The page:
What follows this realisation? “Suddenly Mu breaks open,” writes Mumon. “The heavens are astonished, the earth is shaken… At the very cliff edge of birth-and-death, you find the Great Freedom.” The way that Blake represents this new freedom is to quote from The Book of Job its wonderful language for the greatness of God, which we Chan practitioners would call koans of Suchness: “Hath the rain a father? or who hath begotten the drops of dew? … Canst thou bind the sweet influences of Pleiades, or loose the bands of Orion?” And in Plate 14 Blake illustrates a phrase from Job, “When the morning Stars sang together, and all the Sons of God shouted for joy.”


The torment is over. Job finds joy in the creation again. The terrible storm in his head caused by clinging to a brutal and controlling vision of God, and trying to justify hideous sufferings as the work of God, has been relinquished. Blake’s Job is released into a new relationship with the world around him, which Mumon would call Great Freedom. “Only cease to cherish opinions,” wrote Seng Ts’an, and D. T. Suzuki wrote: “The essential discipline of Zen consists in emptying the self of all its psychological contents, in stripping the self of all those trappings, moral, philosophical and spiritual with which it has adorned itself ever since the first awakenings of consciousness. When the self thus stands in its native nakedness, it defies all description.”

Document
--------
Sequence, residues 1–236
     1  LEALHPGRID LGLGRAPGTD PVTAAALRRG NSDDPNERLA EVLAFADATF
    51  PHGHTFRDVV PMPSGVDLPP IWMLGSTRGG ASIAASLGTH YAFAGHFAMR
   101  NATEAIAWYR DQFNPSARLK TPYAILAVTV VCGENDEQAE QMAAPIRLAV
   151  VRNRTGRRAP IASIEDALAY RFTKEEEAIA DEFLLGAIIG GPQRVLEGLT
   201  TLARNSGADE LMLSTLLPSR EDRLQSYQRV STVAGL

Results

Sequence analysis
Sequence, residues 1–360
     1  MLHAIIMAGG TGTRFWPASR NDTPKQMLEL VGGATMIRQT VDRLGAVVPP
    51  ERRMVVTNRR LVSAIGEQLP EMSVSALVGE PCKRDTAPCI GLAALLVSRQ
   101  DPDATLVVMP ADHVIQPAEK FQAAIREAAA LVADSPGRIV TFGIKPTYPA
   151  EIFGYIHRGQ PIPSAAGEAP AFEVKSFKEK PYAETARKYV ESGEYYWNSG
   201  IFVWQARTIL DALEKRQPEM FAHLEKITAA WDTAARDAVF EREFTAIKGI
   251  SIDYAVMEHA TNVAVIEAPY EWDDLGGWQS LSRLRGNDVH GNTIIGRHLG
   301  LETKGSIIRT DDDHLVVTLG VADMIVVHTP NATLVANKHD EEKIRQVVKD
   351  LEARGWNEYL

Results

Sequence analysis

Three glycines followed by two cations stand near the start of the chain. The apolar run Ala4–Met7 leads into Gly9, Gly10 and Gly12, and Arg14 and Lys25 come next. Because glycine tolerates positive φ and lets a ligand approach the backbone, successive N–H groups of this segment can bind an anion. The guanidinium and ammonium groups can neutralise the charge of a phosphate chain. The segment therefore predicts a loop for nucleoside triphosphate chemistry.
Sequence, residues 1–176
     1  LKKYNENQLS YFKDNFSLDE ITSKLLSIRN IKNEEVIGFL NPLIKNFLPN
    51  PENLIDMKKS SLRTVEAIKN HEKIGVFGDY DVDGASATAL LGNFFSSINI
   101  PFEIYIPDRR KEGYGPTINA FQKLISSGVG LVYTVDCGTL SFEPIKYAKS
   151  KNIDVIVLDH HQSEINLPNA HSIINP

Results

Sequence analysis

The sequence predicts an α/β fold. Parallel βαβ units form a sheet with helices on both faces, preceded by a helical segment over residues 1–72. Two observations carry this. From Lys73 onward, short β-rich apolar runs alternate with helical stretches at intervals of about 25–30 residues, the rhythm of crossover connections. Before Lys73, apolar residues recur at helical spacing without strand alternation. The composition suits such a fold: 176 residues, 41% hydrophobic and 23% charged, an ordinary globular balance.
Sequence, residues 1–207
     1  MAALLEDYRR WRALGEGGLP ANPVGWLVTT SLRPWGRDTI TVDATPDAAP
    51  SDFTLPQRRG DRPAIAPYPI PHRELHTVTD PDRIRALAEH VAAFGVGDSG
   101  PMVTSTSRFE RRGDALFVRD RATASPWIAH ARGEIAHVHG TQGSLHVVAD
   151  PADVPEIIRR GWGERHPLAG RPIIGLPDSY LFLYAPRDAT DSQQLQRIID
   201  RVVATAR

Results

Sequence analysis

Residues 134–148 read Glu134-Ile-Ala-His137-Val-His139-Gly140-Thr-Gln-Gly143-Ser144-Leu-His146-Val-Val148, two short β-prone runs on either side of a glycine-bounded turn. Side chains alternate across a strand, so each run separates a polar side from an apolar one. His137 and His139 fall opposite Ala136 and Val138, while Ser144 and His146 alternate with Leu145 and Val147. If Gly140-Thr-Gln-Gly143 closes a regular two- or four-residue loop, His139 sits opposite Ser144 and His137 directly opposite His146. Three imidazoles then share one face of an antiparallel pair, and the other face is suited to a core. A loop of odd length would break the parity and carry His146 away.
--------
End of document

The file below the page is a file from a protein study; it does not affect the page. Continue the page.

Blake had seen the world like this, stripped of its trappings of belief and unclouded by conditioned perceptions. His insight was that, “Everything that lives is holy.” That the body and the soul are not distinct. That, “Energy is Eternal Delight.” That, “If the doors of perception were cleansed every thing would appear to man as it is, infinite.” Mumon described this infinite, which he called the Great Freedom: “…you enjoy a samadhi of frolic and play.”

I wish poor Blake, soldiering on unappreciated and alone against the armies of ignorance, could have read Mumon and Seng T’san. He would have understood instantly. He would have laughed with delight.

George Marsh 2013